Facebook’s Messenger Kids is now available in Cambodia

Facebook just announced that it is rolling out Messenger Kids to more than 70 countries and adding in new opt-in features for parents to help their kids connect with their friends. Parents in Cambodia can download the app from today.

As many communities are managing their response to COVID-19, with schools closed and people practicing physical distancing, parents are turning to technology more than ever to help their kids connect with friends and family, and looking to do so in a parent-controlled way.

Messenger Kids is a video chat and messaging app that helps kids connect with friends and family in a fun, parent-controlled space. Facebook has worked closely with Youth Advisors, a team of experts in online safety, child development and media, to help shape the Messenger Kids app.

Messenger Kids is full of features for kids to connect with the people they love. Once their account is set up by a parent, kids can start a one-on-one or group video chat. The home screen shows them at a glance who they are connected with to, and when those contacts are online.

What extra features will children get with Messenger Kids?

- Playful masks, emojis and sound effects bring conversations to life.

- In addition to video chat, kids can send photos, videos or text messages to their parent-approved friends and adult relatives, who will receive the messages via their regular Messenger app.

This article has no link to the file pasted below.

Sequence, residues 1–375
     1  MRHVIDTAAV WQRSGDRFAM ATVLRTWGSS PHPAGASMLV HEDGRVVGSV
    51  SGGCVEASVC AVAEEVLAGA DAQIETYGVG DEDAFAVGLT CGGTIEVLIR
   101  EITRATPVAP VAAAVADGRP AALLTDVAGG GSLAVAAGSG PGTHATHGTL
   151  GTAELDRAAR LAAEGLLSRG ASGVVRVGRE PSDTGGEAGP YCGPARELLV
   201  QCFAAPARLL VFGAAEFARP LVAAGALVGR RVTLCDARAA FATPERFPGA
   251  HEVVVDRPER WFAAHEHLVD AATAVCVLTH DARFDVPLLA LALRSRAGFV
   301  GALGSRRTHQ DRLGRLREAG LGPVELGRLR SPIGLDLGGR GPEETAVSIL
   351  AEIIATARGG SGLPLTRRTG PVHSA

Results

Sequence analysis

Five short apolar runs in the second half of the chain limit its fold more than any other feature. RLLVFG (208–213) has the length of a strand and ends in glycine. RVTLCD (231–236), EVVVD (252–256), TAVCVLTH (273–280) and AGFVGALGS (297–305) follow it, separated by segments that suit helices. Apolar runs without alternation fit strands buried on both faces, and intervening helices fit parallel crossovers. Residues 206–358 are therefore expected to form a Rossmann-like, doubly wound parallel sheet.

- A library of kid-appropriate and specially chosen GIFs, frames, stickers, masks and drawing tools lets them decorate content and express their personalities.

- Messenger Kids gives parents more control. Parents manage the contact list and have visibility into how their kids are using the app. Parents control kids’ accounts and contacts through the Messenger Kids Parent Dashboard in their main Facebook iOS and Android app:

Every account on Messenger Kids must be set up by a parent. Parents need to download the Messenger Kids app on their child’s device and authenticate it using their own Facebook username and password. After that, they can set up an account and provide their name and opt-in to any additional features. The device can then be handed over to the child so they can start chatting with family and friends.

Parents can also add people to the contact list via Messenger Kids Parent Dashboard panel in their main Facebook app.

For more specific information about the app, visit messengerkids.com.